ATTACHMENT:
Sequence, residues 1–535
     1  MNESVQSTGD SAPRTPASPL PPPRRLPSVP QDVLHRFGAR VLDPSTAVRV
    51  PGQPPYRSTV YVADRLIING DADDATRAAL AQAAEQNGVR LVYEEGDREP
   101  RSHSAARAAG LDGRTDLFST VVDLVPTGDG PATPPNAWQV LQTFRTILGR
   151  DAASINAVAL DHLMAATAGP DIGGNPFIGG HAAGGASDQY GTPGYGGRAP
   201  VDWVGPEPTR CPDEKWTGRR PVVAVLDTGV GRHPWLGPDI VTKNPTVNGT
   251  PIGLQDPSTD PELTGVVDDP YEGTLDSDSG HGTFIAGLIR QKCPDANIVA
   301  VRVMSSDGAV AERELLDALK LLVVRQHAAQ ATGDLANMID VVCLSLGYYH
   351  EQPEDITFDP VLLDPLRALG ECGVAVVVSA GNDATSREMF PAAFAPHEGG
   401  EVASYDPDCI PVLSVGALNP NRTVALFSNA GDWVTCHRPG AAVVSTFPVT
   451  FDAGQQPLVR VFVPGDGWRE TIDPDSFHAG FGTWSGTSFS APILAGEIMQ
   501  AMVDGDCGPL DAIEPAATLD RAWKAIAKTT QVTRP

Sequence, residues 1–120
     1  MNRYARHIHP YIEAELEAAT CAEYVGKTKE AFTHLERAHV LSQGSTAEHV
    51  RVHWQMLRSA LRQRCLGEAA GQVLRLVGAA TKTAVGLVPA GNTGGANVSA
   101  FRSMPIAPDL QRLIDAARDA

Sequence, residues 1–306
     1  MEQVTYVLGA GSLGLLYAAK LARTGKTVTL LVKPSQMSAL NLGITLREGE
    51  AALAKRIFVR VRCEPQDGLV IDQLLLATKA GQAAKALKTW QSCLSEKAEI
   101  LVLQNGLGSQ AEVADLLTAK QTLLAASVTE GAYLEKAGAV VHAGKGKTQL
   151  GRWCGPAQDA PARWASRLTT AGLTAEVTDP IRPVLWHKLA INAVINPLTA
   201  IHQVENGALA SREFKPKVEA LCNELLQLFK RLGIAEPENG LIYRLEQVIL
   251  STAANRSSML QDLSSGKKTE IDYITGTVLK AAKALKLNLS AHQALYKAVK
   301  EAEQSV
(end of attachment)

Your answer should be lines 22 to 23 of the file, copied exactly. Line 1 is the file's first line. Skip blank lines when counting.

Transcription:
   201  IHQVENGALA SREFKPKVEA LCNELLQLFK RLGIAEPENG LIYRLEQVIL
   251  STAANRSSML QDLSSGKKTE IDYITGTVLK AAKALKLNLS AHQALYKAVK